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Diamondbacks trying to avoid sliding headfirst as injuries pile up in baseball

Arizona Diamondbacks' Chris Owings steals third as Colorado Rockies' Nolan Arenado tries to make the tag during the first inning of a baseball game, Tuesday, Sept. 13, 2016, in Phoenix. (AP Photo/Matt York)

SCOTTSDALE, Ariz. — Chris Owings was standing at first base when a ball was hit to straightaway center at Chase Field. The center fielder couldn’t track it down and it bounced off the wall, so Owings took off running.

As Owings sprinted around third base, San Francisco Giants shortstop Brandon Crawford fired the relay throw to home plate. The ball beat Owings to home and he awkwardly dove headfirst to try and avoid the catcher’s tag.

Not only was he called out, but he tore the labrum in his shoulder, missed about two and a half months and eventually underwent surgery. After learning his lesson the hard way in 2014, Owings changed his approach when he returned the next year.

“I’ve been really cautious of not trying to slide head first,” Owings said, adding that some situations still call for it, such as trying to avoid a tag when stretching a hit into a double and arriving at second with a full head of steam.

“That’s the only reason where I feel like it’d be okay,” he said. “When I steal a bag, I’m mainly going in feet first.”

Owings isn’t the only one who was injured on a headfirst slide. In 2015, FanGraphs did a study on headfirst sliding and charted players who missed significant time over the previous two seasons because of injuries from headfirst slides.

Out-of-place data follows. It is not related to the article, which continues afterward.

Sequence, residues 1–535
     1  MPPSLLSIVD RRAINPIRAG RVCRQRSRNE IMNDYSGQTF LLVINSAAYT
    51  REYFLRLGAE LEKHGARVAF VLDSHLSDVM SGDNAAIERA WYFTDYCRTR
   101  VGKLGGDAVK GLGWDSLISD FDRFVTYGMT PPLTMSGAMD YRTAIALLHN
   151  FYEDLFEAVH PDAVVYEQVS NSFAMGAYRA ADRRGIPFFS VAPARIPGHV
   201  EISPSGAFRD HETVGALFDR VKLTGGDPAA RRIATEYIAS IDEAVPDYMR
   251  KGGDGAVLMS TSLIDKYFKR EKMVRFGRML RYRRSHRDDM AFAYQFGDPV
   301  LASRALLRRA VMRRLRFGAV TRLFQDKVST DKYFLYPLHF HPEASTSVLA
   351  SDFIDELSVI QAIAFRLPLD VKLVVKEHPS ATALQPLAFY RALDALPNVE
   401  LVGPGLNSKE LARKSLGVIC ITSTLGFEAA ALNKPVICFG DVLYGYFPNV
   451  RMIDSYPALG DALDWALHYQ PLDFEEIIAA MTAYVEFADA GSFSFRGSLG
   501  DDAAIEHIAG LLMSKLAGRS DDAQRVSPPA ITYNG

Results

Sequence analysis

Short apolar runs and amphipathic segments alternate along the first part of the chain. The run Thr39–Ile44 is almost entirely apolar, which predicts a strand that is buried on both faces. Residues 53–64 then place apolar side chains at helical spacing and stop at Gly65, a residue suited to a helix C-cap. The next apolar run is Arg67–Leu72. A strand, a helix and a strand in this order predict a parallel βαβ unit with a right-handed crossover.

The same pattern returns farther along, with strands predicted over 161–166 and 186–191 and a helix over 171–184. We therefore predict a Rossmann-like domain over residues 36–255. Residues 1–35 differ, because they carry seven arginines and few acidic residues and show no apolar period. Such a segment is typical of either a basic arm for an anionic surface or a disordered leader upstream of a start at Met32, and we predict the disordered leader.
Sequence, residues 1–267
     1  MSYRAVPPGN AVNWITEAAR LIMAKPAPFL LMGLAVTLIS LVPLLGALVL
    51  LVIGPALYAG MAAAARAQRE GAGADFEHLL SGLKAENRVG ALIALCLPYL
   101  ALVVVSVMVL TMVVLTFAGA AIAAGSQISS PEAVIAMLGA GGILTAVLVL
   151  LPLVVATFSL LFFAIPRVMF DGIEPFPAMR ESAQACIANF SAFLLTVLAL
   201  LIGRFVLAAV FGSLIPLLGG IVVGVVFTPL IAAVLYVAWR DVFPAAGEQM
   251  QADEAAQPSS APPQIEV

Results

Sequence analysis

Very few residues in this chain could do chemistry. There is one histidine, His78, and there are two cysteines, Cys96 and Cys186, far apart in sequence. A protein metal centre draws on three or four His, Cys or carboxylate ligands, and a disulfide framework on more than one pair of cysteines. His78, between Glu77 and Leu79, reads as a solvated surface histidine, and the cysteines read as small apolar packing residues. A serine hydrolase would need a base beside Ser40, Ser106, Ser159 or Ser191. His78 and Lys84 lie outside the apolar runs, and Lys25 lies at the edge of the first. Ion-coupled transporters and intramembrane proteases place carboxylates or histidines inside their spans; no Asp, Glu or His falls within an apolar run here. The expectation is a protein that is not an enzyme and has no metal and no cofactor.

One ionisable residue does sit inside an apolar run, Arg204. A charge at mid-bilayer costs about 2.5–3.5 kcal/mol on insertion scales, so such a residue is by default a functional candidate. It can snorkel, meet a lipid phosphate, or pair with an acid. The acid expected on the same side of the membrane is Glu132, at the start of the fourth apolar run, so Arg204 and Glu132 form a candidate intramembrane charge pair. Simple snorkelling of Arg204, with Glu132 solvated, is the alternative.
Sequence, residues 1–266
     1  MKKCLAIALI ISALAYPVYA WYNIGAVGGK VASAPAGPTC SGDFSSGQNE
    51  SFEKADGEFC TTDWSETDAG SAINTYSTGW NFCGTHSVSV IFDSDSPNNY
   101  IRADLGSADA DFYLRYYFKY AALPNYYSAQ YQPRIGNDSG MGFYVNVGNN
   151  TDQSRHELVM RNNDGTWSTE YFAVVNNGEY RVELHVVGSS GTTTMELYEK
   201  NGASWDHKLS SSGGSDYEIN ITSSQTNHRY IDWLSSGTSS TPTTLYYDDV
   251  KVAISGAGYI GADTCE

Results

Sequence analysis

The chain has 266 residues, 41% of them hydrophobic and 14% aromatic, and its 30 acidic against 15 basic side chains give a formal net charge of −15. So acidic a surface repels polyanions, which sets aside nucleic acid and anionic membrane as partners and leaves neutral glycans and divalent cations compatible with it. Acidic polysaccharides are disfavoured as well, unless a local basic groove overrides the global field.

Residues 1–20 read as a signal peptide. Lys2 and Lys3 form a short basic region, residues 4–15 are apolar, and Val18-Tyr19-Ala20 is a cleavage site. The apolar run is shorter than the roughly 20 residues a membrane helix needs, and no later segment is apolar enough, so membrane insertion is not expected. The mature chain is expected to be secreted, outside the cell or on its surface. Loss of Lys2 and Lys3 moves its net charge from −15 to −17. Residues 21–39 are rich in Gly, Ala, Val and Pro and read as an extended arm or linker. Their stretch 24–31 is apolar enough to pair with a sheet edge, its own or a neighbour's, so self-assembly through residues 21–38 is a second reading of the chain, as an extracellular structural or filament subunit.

Washington Nationals outfielder Bryce Harper missed 51 games. Colorado Rockies third baseman Nolan Arenado sat out 37. And then-Cincinnati outfielder Ryan Ludwick missed a whopping 116.

Others have been more fortunate. Infielder Kristopher Negron said he slid head first throughout high school and college. Luckily, an injury never occurred because of it.

It seems the most difficult part about headfirst sliding is that most players do it instinctively. Negron said he naturally slides head first when trying to leg out a triple or when trying to avoid a tag at home plate.

Situations like those made the transition to sliding primarily feet first a difficult one. Now, Negron has become comfortable doing it years after a coach in the Red Sox organization advised him against the headfirst slide.

“It took a little bit,” he said. “I actually had to think about it as I was going into bases. After a while, I actually prefer (feet first). It allows me to pop up and get to an extra base on an overthrow.”

Diamondbacks outfielder Jason Pridie said he used to slide headfirst when stealing bases before suffering a shoulder injury unrelated to baserunning. Now, he slides feet first when stealing bases.

He said sliding headfirst is more dangerous, but perhaps not at a high enough rate to warrant any unreasonable concern.

”I think if you go back and look at the amount of times that people get hurt while sliding headfirst, I don’t think it’s that much in comparison,” he said. “When it happens to someone, it’s kind of in the spotlight.”

Diamondbacks third baseman Jake Lamb jokingly called himself “the worst baserunner on the team.” But when he takes the helmet off and puts his glove on, he is regularly tagging players out.

He has noticed it has become more difficult, though.

“With replay now, guys are getting a lot better at avoiding tags,” Lamb said. “As a third baseman, I catch the ball and I’m waiting for the guy to slide in. It used to be, ‘I beat, you got me.’ Now it’s just they’re doing whatever I can to avoid that tag.”

Sliding feet first may be the best way for players to avoid injury, but sometimes it may not matter. Especially in the heat of the moment, a close game or a contest with unusually high stakes.

“When people are out there playing, they’re not thinking of getting hurt, they’re thinking of getting to the base,” Pridie said.

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